Bolt and Blatter: cleanliness is next to godliness

by Timothy Masters on August 24, 2015

Usain BoltAs Terry Pratchett once noted, in the modern world cleanliness rarely appears next to godliness, except in the most severely-abridged of dictionaries, but there may still be one place where being keen to be clean will ensure your survival. In sport, the word can have a subtly different definition depending on the area it is being used for, but there are few if any areas these days that openly celebrate being ‘dirty’ or slovenly as the original sermon went. Wesley might not have meant to of course, but in coining his famous phrase (or at least purloined from what was apparently intended in Leviticus) he has given us a fun way to compare some of the most talked-about sportsmen over the last few weeks, and their relative levels of divinity.

The first man, who is so clean and godlike that he may as well be the bastard lovechild of Jesus and Mr Muscle, is Usain Bolt, recently crowned world champion and all-around saviour of the world of running, jumping, throwing and so on. Having not really set tracks on fire this year, he went to the World Championships in Beijing with two-time convicted doper Justin Gatlin between him and another title, and just about managed to squeeze past the chemically-enhanced American before the 100m were up, to the delight of almost everyone. We can assume whatever morally bankrupt person keeps selecting people like Gatlin and Tyson Gay to wear the stars and stripes was unhappy that his ‘man’ came second, but it was clear from the relief in Steve Cram’s voice and the eruption of noise that the rest of the world felt they really could only worship a man if he has not be sullied.

At the other end of the scale, and maybe in the ‘down below’ section of the afterlife in this metaphor, is Sepp Blatter, the suited Satan of Switzerland and man most likely to be called a slimy scumbag with no retort. Today, following proven allegations that show how Blatter has once again allowed the body he runs to become so mired in corruption that what once was an acronym is now a punchline, he declared himself ‘clean’. Cue laughter from the galleries, and probably a nice letter of support from Jack Warner, but the public view him as grubby like we mentioned, and as a result wants him out of the sport forever, right now, if not sooner.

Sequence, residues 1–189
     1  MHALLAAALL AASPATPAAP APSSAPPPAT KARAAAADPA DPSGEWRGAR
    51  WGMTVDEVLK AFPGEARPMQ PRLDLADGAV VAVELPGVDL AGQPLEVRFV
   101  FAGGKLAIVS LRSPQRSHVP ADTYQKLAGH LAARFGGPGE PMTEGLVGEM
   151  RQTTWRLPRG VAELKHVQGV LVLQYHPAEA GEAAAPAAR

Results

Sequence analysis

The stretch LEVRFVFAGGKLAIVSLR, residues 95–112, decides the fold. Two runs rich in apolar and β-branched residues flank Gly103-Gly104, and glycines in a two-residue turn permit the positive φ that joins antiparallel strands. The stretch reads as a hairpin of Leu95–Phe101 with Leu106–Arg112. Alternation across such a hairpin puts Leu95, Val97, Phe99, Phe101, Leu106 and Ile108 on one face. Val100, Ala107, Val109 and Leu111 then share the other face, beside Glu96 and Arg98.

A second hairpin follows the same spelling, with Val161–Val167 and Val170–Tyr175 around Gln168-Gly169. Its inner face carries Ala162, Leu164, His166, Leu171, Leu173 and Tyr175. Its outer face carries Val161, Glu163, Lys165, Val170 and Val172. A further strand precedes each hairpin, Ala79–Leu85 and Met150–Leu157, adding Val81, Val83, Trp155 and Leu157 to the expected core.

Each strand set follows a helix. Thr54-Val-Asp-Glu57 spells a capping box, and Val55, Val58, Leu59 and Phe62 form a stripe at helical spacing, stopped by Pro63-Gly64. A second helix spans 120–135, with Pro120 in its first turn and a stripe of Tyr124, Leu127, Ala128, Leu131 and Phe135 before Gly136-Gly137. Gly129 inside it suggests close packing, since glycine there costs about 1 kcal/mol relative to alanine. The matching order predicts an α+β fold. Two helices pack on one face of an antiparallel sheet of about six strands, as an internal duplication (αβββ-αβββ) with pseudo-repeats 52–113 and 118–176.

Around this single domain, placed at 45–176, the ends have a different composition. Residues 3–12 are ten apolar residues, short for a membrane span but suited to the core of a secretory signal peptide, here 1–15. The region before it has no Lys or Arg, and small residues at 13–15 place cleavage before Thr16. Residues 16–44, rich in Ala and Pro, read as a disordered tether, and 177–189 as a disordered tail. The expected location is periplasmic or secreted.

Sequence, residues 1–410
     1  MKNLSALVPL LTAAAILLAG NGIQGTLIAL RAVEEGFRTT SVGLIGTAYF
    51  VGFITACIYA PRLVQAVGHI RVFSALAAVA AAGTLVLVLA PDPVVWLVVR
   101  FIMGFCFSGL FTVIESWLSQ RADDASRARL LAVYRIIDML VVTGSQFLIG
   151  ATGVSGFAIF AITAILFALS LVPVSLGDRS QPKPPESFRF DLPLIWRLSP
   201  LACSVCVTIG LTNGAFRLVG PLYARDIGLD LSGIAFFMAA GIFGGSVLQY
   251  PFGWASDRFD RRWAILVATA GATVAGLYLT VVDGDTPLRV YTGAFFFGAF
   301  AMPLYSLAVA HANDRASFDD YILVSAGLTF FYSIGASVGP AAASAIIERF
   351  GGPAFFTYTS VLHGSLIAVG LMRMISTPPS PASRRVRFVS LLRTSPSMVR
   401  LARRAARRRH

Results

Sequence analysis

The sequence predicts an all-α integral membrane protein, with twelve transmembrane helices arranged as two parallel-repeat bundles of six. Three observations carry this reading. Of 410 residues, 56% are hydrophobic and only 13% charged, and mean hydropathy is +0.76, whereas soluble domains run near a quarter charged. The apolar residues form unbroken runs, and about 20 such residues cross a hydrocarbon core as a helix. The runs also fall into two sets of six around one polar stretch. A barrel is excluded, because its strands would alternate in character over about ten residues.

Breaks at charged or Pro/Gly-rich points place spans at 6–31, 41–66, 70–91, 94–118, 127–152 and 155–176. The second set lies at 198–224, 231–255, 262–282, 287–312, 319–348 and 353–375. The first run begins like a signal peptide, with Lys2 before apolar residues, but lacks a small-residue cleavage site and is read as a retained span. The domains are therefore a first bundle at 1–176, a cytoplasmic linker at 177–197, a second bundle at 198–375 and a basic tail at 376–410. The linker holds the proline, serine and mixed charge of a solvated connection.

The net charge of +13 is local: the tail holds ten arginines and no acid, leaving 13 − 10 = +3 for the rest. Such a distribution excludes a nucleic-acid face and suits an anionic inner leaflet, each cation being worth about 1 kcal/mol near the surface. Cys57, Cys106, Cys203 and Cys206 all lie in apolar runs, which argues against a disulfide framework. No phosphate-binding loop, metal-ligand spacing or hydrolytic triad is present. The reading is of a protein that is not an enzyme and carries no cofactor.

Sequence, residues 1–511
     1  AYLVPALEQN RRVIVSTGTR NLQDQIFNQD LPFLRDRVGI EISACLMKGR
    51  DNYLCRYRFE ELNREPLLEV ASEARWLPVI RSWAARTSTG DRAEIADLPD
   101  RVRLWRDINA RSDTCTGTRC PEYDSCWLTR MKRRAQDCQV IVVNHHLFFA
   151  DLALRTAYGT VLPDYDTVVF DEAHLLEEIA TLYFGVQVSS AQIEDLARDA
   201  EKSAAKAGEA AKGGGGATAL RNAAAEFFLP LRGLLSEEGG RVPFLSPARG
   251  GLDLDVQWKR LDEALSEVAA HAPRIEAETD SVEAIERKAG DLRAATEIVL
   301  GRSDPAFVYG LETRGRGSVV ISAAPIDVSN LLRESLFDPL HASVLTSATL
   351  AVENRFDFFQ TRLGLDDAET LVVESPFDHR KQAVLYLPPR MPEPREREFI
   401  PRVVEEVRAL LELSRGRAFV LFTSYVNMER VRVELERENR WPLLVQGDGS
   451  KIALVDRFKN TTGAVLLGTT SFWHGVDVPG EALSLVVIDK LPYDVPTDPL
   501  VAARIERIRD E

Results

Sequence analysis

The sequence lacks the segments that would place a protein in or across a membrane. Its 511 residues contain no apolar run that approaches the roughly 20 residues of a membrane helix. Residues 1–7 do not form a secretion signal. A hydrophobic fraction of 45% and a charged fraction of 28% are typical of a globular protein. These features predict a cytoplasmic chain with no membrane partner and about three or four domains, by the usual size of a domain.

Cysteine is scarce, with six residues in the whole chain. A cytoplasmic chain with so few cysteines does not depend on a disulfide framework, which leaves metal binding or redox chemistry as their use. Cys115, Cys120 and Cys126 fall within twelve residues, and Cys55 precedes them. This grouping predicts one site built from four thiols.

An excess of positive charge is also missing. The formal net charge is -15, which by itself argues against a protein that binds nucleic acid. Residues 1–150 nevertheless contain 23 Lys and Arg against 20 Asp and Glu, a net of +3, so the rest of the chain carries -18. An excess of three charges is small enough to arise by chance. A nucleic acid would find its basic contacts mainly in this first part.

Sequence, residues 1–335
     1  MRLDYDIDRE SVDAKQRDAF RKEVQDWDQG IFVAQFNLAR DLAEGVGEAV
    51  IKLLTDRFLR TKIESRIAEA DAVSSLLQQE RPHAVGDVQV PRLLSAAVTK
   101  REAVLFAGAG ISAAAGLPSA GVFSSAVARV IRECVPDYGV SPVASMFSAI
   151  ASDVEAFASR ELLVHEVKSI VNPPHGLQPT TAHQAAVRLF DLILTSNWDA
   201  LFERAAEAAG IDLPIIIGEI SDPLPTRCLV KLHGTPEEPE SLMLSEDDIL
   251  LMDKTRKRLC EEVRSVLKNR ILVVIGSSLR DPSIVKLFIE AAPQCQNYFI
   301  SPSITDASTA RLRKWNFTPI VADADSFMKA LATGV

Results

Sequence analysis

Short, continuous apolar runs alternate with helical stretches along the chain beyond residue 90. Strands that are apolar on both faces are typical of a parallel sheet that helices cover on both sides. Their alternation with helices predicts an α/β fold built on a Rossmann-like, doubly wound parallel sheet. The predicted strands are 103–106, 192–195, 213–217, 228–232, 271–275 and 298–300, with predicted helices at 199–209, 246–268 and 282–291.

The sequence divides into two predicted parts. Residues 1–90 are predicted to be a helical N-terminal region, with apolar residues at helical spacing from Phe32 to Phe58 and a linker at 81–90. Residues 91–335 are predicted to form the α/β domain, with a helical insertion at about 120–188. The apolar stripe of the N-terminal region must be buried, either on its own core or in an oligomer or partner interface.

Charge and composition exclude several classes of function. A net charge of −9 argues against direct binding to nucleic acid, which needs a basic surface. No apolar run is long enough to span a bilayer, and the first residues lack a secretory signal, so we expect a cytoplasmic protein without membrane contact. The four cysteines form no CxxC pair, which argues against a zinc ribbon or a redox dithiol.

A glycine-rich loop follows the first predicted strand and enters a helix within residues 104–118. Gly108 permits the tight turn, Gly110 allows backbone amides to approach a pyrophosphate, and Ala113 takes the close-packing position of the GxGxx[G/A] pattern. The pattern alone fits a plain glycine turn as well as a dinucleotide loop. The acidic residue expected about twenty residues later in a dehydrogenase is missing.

These are only two examples really, but the thought can be stretched to include the likes of John Terry, Leo Messi or anyone else. When we were kids, the player you loved was just the one you thought best, even if it was Karl Malone, Ryan Giggs or some other person that was generally known to be black of heart, because all you understood was the game itself. Sadly though, as an adult you are bombarded with information about people that changes your perception regardless of their ability, and means people in sport have a stark truth to face, that they may be more loved for how they seem than how they perform, although in Bolt’s case he has the total package. For Blatter, sitting on massive FIFA profits and a booming game with record revenue, it must feel strange to have that success and still be condemned, but he may be so warm and content in his lair downstairs by this point that he can’t even hear the cries of the damned.

Image credit: Thor Matthiasson

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